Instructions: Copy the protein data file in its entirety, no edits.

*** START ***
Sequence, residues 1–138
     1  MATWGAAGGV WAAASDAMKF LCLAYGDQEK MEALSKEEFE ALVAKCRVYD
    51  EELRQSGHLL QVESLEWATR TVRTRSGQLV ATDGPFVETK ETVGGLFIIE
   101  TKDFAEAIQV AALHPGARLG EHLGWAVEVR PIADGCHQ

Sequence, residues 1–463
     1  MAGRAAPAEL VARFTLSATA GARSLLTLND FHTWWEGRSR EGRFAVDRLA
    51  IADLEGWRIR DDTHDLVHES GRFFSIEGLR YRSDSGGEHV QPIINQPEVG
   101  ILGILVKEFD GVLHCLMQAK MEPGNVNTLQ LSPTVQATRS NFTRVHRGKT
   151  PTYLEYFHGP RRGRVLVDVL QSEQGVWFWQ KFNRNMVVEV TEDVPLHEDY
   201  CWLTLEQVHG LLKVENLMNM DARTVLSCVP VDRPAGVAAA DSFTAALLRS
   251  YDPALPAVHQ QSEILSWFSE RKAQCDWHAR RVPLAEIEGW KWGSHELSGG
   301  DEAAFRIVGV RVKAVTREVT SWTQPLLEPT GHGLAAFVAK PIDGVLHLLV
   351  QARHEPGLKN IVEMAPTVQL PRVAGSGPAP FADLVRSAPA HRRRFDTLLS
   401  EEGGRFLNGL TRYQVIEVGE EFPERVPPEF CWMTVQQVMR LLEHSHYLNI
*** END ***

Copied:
Sequence, residues 1–138
     1  MATWGAAGGV WAAASDAMKF LCLAYGDQEK MEALSKEEFE ALVAKCRVYD
    51  EELRQSGHLL QVESLEWATR TVRTRSGQLV ATDGPFVETK ETVGGLFIIE
   101  TKDFAEAIQV AALHPGARLG EHLGWAVEVR PIADGCHQ

Sequence, residues 1–463
     1  MAGRAAPAEL VARFTLSATA GARSLLTLND FHTWWEGRSR EGRFAVDRLA
    51  IADLEGWRIR DDTHDLVHES GRFFSIEGLR YRSDSGGEHV QPIINQPEVG
   101  ILGILVKEFD GVLHCLMQAK MEPGNVNTLQ LSPTVQATRS NFTRVHRGKT
   151  PTYLEYFHGP RRGRVLVDVL QSEQGVWFWQ KFNRNMVVEV TEDVPLHEDY
   201  CWLTLEQVHG LLKVENLMNM DARTVLSCVP VDRPAGVAAA DSFTAALLRS
   251  YDPALPAVHQ QSEILSWFSE RKAQCDWHAR RVPLAEIEGW KWGSHELSGG
   301  DEAAFRIVGV RVKAVTREVT SWTQPLLEPT GHGLAAFVAK PIDGVLHLLV
   351  QARHEPGLKN IVEMAPTVQL PRVAGSGPAP FADLVRSAPA HRRRFDTLLS
   401  EEGGRFLNGL TRYQVIEVGE EFPERVPPEF CWMTVQQVMR LLEHSHYLNI